Insights on Travel from Costa Rica Expeditions’ Founder Michael Kaye and his Expert Friends.

September 11. A Different Perspective.

A recurring theme in my life, and in this blog, has been that the greatest value of travel is gaining new perspectives.

It happened again this September 11, when Ed Defrietas of the Five Borough Bike Club took Yolanda and me along with 7 other bicylers on a ride to Bayonne, New Jersey to see  the monument pictured below.

As soon as I saw it, the single tear drop between the two broken towers moved me more than any other September 11 remembrance   I have seen to date.

Then I noticed this plaque.

Then I walked up and read it.

And not a day has gone by since that I have not thought about it at least once.

We’re still in New York. Life has been even more hectic than usual, and I have not had a chance organize my thoughts about this.  But I did want to share the experience, and would love to read how it strikes you.

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8 Comments and 0 Replies

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        • At October 22, 2011
          6:42:19 am
          Meena said:

          Dear Michael , Having been away , I had not checked the site for a while . But what a poignant depiction on the attack ! must say I was surprised that it came from Russia . I had never heard of it . Thanks for showing it .
          Somehow it puts all that grief in a human capsule .

          • At October 03, 2011
            10:38:43 am
            KLM said:

            Michael, as you know terrorism and the fight against it is an issue near and dear to me & my husband. One of his friends has been in jail in the USA for over a decade now because he was an undeclared Cuban spy fighting terrorism against Cuba from within the United States. There are 5 of these men, considered heroes in Cuba, who’ve been languishing in US jails for longer than I’ve been married to my husband. Amnesty International and countless other groups believe they were not granted a fair trail in Miami and that their sentences were unnecessarily harsh considering that none of them had any access to classified information. But by and large most US citizens don’t even know anything about their cases. The Cuban with the shortest sentence, Rene, is finally due for release on parole this Friday. But they’re not allowing him to come back to Cuba yet. He has to first do his parole (several years of it) in the USA. Where in the USA you ask? Well, Miami, of course, where he will most certainly be warmly and safely received by a loving public, right? It just makes me sick.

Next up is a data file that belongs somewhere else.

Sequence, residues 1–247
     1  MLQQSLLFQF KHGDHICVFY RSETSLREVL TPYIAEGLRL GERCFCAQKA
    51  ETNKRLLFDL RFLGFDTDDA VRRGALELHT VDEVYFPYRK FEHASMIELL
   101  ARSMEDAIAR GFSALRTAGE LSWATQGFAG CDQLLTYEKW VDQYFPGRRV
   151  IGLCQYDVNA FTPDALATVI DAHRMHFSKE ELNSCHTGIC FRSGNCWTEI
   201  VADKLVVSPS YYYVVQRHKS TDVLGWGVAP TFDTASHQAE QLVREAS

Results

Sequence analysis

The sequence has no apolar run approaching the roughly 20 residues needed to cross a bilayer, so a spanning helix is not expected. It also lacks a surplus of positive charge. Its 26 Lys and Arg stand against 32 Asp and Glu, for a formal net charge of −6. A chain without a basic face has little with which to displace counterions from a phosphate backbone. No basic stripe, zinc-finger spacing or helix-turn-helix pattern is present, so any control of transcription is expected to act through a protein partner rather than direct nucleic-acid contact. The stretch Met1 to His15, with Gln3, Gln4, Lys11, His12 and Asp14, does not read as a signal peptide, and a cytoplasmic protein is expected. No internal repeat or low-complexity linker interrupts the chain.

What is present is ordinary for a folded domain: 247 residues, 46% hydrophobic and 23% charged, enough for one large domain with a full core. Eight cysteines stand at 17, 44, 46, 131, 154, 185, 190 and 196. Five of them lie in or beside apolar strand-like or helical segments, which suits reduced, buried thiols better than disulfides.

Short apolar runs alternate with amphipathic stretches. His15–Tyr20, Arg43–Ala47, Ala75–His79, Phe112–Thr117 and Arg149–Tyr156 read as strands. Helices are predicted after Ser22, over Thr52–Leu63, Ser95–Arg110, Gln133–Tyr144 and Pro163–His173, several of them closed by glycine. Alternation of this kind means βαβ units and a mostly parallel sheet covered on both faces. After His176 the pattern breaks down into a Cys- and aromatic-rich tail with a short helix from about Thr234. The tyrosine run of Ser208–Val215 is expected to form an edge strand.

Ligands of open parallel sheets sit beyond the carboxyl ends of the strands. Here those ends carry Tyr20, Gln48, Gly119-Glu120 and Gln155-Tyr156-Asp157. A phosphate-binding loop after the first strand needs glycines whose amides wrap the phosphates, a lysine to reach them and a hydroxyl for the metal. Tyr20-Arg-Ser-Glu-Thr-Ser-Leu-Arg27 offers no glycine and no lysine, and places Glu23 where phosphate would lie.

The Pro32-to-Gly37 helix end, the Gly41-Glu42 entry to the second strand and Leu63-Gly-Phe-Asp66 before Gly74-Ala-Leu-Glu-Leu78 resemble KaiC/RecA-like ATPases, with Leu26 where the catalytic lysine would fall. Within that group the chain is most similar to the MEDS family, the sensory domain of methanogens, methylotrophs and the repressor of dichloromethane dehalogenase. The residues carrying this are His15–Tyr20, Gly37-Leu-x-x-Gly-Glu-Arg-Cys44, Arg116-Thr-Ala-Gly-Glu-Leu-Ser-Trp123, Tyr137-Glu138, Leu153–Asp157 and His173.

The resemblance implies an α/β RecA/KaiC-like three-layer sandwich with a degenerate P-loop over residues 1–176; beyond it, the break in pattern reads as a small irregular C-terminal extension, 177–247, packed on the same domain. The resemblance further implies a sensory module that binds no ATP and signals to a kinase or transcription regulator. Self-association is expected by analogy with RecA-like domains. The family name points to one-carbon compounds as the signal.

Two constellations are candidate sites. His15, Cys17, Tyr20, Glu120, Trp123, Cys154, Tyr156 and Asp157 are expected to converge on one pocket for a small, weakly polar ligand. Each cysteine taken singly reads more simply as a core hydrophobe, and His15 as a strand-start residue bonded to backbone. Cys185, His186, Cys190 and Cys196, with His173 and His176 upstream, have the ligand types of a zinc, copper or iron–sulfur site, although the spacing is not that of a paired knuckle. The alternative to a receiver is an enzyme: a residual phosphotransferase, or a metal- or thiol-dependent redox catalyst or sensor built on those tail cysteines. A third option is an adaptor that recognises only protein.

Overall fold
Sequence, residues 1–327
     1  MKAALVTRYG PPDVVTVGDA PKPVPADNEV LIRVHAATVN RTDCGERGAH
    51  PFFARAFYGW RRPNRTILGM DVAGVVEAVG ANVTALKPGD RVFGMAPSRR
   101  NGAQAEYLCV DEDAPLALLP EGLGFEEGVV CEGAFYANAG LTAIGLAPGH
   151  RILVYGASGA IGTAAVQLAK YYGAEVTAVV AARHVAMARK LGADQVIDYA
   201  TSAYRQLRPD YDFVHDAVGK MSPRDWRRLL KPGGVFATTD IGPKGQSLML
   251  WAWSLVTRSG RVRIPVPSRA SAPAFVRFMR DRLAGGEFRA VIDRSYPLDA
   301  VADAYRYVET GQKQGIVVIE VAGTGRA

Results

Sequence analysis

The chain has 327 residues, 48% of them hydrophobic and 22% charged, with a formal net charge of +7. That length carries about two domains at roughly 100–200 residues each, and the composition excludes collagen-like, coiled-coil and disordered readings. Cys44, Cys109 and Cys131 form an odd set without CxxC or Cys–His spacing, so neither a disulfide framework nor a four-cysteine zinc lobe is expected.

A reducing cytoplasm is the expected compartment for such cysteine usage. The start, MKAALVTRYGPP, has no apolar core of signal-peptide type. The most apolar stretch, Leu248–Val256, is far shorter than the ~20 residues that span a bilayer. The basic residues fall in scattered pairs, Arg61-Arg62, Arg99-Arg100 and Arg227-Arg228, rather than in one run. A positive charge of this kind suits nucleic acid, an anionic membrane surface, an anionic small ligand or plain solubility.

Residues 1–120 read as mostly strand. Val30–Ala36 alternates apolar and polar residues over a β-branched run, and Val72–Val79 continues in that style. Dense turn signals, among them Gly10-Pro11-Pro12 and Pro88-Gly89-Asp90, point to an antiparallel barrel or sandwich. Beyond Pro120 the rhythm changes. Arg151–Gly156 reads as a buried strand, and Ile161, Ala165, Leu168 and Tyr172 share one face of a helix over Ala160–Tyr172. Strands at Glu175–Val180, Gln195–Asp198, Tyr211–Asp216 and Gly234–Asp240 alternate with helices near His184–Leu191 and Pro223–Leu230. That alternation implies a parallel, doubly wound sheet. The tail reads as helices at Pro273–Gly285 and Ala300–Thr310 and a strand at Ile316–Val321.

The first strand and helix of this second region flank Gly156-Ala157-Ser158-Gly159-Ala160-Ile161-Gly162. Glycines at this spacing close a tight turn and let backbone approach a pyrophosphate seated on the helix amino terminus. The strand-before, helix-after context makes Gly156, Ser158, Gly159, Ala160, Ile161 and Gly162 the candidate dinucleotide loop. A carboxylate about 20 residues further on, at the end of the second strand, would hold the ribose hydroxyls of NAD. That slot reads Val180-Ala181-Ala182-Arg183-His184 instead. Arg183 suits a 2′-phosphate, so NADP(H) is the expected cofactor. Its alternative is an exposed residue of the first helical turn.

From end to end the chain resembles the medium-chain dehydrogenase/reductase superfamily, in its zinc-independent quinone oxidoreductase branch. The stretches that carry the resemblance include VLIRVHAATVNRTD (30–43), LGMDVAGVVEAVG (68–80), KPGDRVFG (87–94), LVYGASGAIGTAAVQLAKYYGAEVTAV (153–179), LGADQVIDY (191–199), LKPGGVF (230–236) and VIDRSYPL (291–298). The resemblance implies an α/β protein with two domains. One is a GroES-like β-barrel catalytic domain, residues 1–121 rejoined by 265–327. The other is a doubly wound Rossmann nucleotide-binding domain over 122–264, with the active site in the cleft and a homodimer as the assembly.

The perspective of some citizens in the USA is sadly distorted and the truth/irony of who’s behind terrorism often hidden or warped by the media giants. Unfortunately that even extends to Canada in the north, as you know from a certain political situation that’s affecting us right now. I don’t think there’s any hipocrisy whatsoever in the monument as Katz Marcy seems to suggest below, and find it unfortunate that this would be the kind of comment that this beautiful gesture would elicit.

            I agree that travel has the potential to promote a greater understanding of exactly these kinds of issues and fervently hope that those who are privileged enough travel make sure to keep their eyes and ears open while they do so in order that they might return home with not just pretty pictures but also form opinions based on more varied and balanced information. Probe deeper, scratch below the surface, don’t just accept what’s fed to you because it very well may not have much to do with what’s really happening out there.

            • At September 30, 2011
              9:53:39 am
              Katz Marcy said:

              Hi, I think the monument is fantasic. However, sadly, I cannot read the first plaque. Is it in russian on our left and english on the right?

              If it’s from Russia, then I am surprised at how hypocritical they are. They terrorize their own people! And I don’t mean their mafia, I mean their government.
              Marcy Katz

              • At September 30, 2011
                3:01:51 am
                Chris Parrott said:

                Simple, eloquent moving.

                The first few times I went to La Paz (Bolivia) they had a “statue” commemorating the War of the Chaco (1932-35) which the Bolivians lost (I’m summarising).

                It was at a junction in the heart of the city, and anyone walking or driving would not fail to see it. This was no defiant rambo urging his men on to gloroius victory.

                A dead soldier was slumped over a rock, his face in rictus, his hand still gripping his rifle. The bluntest and most moving piece of sculpture I’ve ever seen.

                But a subsequent government/city council took it away. They clearly thouught it far too defeatist a symbol to have in such a prominent place.

                CP

                • Thank you! I had no idea what to expect from your tweet but this is such an inspiration.